Silk Organza, Prince of Fabrics

by Ramona on May 4, 2012

Red Organza, stenciled leaves in black/gold. Vogue (Adri) pattern

If silk organza was a person, it would be Prince of Fabricland, or a President of the United States of Fabrics (since this is America and its election year 🙂 ).   What language is “organza” anyway – Italian? It’s one of the few fabrics which has the potential to be all things to all sewers. I mean, what’s not to like about a fabric which:

1. Ends up as exquisite clothing, whatever the style – a sporty camp shirt can become party wear when made in silk organza; it can, of course, be made up as a gossamer evening gown.

2. Can take embellishment on the surface – paint, embroidery (hand & machine), applique (organza-on-organza applique is gorgeous) and just about any other lightweight embellishment.

3. Can be manipulated AS surface embellishment. Have you ever made fabric flowers with silk organza? And ruffles?  Perfection!

4. Looks great in clothing with a raw edge aesthetic when cut on the bias, and if it’s a look you’re going for.

Silk dupioni pants underlined with silk organza!

5. Can go underground in the form of underlining to support an outer fabric. See picture, left.

6. Can go behind another transparent fashion fabric to be used as interfacing to maintain the sheer factor and support at the same time.

7. Stabilizes corners of inset seams (as in godets and gussets) – a small square should do the job.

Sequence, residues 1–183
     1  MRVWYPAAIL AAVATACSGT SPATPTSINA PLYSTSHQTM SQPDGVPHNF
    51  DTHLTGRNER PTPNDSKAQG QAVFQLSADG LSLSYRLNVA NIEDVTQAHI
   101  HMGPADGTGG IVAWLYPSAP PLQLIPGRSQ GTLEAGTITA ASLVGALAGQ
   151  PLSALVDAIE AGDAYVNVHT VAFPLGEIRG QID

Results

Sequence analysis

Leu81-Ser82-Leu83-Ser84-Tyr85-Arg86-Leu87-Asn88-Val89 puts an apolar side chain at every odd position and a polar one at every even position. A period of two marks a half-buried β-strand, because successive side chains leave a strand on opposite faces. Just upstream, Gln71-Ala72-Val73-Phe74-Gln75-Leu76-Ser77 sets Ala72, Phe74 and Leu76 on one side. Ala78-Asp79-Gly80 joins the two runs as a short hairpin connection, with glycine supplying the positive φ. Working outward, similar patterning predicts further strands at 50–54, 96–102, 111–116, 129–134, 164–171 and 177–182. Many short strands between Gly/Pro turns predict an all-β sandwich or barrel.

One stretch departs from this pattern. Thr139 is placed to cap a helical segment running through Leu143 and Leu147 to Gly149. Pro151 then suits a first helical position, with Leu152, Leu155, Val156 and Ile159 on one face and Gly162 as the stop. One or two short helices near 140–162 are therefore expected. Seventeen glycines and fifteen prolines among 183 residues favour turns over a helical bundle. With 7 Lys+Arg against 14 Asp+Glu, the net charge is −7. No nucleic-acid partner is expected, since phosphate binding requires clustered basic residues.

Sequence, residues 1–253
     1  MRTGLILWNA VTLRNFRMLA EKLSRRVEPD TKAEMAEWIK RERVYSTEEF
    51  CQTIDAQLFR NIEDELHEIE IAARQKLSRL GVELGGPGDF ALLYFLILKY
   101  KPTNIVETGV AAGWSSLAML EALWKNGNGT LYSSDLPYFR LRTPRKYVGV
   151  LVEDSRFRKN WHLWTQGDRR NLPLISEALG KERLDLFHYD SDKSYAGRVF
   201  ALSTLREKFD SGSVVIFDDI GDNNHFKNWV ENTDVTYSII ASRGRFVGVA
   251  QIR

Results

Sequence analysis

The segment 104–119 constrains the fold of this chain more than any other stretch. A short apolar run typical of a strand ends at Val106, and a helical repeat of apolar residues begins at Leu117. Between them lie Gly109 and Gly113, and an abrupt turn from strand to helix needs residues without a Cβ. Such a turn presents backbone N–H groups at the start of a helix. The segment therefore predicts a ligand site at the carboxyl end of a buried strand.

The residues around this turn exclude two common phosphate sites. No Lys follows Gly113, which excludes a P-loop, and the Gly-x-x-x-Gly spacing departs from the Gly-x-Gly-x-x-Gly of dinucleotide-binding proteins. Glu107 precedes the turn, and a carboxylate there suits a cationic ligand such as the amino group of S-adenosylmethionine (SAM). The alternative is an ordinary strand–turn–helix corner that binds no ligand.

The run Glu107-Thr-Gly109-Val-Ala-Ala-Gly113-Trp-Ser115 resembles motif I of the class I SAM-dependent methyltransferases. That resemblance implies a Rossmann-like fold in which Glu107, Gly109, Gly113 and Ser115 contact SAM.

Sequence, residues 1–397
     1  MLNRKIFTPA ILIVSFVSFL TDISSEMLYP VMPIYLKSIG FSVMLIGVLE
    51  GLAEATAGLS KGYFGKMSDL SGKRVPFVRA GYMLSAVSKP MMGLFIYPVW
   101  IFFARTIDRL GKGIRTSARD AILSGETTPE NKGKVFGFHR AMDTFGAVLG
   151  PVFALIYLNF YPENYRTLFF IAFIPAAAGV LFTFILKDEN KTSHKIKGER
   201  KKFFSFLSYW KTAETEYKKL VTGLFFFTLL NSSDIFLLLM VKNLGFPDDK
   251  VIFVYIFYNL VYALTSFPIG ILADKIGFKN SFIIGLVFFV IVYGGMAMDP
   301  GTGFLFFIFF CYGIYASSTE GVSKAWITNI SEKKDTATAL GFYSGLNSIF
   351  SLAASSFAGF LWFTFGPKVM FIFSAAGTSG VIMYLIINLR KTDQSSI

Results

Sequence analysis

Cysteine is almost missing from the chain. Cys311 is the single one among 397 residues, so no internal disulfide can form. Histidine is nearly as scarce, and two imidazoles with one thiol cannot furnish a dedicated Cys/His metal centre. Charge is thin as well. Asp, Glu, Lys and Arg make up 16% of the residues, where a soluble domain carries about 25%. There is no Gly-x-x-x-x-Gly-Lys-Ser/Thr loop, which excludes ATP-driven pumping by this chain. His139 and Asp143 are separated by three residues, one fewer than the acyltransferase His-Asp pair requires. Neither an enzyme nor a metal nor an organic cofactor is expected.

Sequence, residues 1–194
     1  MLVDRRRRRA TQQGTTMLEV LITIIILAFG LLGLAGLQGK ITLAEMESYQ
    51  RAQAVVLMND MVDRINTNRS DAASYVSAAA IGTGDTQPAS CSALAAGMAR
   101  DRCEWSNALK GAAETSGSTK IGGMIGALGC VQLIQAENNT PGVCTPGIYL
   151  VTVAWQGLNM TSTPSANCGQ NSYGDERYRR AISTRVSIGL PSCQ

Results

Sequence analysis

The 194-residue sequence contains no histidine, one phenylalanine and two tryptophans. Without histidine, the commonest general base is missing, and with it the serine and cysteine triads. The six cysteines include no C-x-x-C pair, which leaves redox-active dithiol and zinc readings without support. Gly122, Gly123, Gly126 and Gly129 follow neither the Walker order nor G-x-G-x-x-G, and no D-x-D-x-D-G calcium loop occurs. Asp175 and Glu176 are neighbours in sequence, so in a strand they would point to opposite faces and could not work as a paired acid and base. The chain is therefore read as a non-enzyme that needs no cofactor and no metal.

8. Can become a sewing notion — as a press cloth!

9. Is used successfully as a stabilizer for machine embroidery under another fabric

10. Can be used as a home décor item. Organza curtains? Sheer bliss!

11. Is manufactured in many colors.

12. Takes well to a dye job.

13. Organza fashion accessories are to die for: scarves, and get this — necklaces!

14. Can be used in lieu of pattern paper! In Kenneth King’s online class of copying RTW, we used silk organza instead of paper to create the first round of the pattern. Worked beautifully! Highly recommend this class whenever & wherever offered.


a) Can be relatively expensive

b) Goes limp after repeated machine washing & drying, unless that’s the look you’re going for.

c) It’s a dry clean budget-buster.

Read this fabulous post about using silk organza as facing:  From the Sew Daily blog, written by Amber Eden: Add (Almost) Invisible Support to Your Blouse

Readers, you definitely know of more uses of this beautiful, versatile fabric.  Please comment here and let us know!

Samina, American Sewing guild, follow us on Twitter @SewingGuild

{ 1 comment }

Joli February 5, 2014 at 7:34 pm

My future daughter-in-law bought a vintage 1950’s wedding dress that has an organza skirt and it looks limp. How do we get the crispness back?

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